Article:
The Group of Companies reported a loss before tax of $76 million for the second quarter ending June 29, 2013, compared to a loss before tax of $80 million in the second quarter of 2012. (Results for 2012 were restated due to the adoption of new or revised accounting standards). For the first two quarters of 2013, the Group of Companies' loss before tax was $25 million, compared to a loss before tax of $153 million in the first two quarters of 2012. The loss for the first two quarters of 2013 was mitigated by the $109-million gain from the sale of the downtown Vancouver mail processing plant in January 2013. Without the sale, the loss before tax for the first two quarters would have been $134 million.
The Canada Post segment's loss before tax of $104 million in the second quarter compares to a loss before tax of $102 million in the second quarter of 2012. The segment recorded a loss before tax of $36 million for the first two quarters, compared to a loss before tax of $161 million in the first two quarters of 2012. The sale of the Vancouver plant also helped reduce the loss over the first two quarters. Total volumes for the segment were down 32 million pieces in the second quarter and down 169 million pieces in the first two quarters, compared to the same periods last year.
Transaction Mail, which includes mostly letters, bills and statements, generates approximately 50 per cent of Canada Post's revenue. For the second quarter, Transaction Mail volumes fell by 51 million pieces, or 6.3 per cent, compared to the same period last year. In the first two quarters, volumes declined by 111 million pieces, or 4.1 per cent, compared to the same period last year. Direct Marketing volumes in the second quarter were essentially flat compared to the same period last year. In the first two quarters, volumes decreased 59 million pieces compared to the same period last year due to intense competition, reduced marketing budgets and falling demand for Publications Mail. The Parcels business is growing with the increasing popularity of online shopping. Domestic volumes in the second quarter were up by 5.1 per cent compared to the same period last year. Over the first two quarters, total parcel volumes increased by about one million pieces compared to the same period in 2012, which is not enough to offset larger declines in Transaction Mail and Direct Marketing volumes.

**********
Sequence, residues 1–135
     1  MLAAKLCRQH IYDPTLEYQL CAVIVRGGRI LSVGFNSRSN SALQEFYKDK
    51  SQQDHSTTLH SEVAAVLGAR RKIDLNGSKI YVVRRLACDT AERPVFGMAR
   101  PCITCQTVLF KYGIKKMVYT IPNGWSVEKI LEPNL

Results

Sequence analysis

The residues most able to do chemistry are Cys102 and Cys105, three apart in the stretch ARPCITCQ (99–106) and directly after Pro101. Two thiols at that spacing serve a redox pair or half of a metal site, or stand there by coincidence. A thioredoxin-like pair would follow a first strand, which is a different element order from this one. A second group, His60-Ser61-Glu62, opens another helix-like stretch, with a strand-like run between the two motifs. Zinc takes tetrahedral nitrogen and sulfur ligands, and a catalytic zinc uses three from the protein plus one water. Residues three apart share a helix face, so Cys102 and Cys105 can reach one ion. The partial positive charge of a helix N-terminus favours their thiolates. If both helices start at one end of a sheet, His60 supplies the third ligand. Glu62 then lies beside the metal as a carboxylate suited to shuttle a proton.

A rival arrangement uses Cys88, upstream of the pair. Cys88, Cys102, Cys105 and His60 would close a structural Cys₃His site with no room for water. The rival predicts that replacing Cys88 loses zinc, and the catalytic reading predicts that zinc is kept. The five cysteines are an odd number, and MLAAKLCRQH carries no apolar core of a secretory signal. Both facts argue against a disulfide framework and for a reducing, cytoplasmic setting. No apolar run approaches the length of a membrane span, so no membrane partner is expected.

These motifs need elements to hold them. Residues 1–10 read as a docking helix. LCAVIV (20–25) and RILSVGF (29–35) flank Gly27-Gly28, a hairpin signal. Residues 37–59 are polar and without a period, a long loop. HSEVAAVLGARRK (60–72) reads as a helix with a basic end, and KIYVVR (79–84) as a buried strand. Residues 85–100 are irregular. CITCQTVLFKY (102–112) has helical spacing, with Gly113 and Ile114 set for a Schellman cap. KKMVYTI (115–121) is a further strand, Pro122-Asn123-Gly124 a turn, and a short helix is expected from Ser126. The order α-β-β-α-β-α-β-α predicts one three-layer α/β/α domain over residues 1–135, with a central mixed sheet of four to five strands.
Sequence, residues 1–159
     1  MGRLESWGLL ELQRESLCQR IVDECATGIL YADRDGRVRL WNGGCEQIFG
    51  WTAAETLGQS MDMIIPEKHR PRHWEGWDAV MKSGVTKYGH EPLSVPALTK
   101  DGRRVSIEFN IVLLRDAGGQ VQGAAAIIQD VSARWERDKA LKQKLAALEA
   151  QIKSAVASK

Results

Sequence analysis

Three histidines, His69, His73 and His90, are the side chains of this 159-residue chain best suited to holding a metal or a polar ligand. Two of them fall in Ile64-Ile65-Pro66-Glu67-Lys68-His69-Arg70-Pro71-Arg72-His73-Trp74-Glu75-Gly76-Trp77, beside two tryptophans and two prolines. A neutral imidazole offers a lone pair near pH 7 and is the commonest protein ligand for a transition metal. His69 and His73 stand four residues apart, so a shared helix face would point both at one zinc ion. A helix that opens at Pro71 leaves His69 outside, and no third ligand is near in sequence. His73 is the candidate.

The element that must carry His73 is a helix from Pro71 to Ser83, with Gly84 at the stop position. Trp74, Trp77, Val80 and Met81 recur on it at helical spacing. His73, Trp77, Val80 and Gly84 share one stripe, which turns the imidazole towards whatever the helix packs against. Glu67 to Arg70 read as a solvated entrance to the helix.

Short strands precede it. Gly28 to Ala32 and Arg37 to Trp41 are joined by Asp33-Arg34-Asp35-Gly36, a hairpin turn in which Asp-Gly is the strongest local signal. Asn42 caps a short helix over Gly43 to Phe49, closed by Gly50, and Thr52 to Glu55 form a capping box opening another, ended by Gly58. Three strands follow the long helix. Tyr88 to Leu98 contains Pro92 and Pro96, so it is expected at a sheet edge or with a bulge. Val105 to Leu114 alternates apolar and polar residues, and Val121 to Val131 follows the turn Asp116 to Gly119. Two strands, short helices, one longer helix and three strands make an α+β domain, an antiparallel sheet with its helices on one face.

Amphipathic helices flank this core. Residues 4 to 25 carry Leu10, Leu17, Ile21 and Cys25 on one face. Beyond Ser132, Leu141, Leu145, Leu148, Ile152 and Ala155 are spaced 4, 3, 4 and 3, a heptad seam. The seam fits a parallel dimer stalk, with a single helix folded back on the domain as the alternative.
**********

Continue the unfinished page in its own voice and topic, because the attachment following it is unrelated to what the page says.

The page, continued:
The need for additional liquidity in 2014
With the historic shift away from paper-based communications, the Corporation's current business model does not allow it to achieve profitability and cash flow to support its operations. Also, in early 2014, Canada Post expects to reach the maximum legislated pension relief from special payments to reduce the $5.9 billion solvency deficit in its pension plan (as of December 31, 2012), which is fully funded on a going-concern basis. In resuming its special payments, Canada Post will have to contribute an estimated $1.1 billion, on top of current service contributions, in 2014 alone. Canada Post believes it will require additional liquidity by the end of the second quarter of 2014, and is evaluating its options to address the liquidity challenge.
The operations of the Canada Post Group of Companies are funded by the revenue generated by the sale of its products and services, not taxpayer dollars. Canada Post has a mandate from the Government of Canada to remain financially self-sufficient and to provide a standard of postal service that is affordable and meets the needs of the people of Canada.
*The Canada Post Group of Companies consists of the core Canada Post segment and its three non-wholly owned principal subsidiaries, Purolator Inc., SCI Group Inc. and Innovapost Inc. To access the full report in PDF, visit canadapost.ca/aboutus and select "Quarterly Financial Reports" from the Corporate menu.
SOURCE Canada Post